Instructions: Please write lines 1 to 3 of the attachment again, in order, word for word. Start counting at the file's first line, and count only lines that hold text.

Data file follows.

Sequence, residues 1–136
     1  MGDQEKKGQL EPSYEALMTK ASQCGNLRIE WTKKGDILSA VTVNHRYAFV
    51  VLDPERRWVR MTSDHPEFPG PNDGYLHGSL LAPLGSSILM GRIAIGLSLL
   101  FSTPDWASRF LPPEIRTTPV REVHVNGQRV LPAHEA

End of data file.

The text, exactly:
Sequence, residues 1–136
     1  MGDQEKKGQL EPSYEALMTK ASQCGNLRIE WTKKGDILSA VTVNHRYAFV
    51  VLDPERRWVR MTSDHPEFPG PNDGYLHGSL LAPLGSSILM GRIAIGLSLL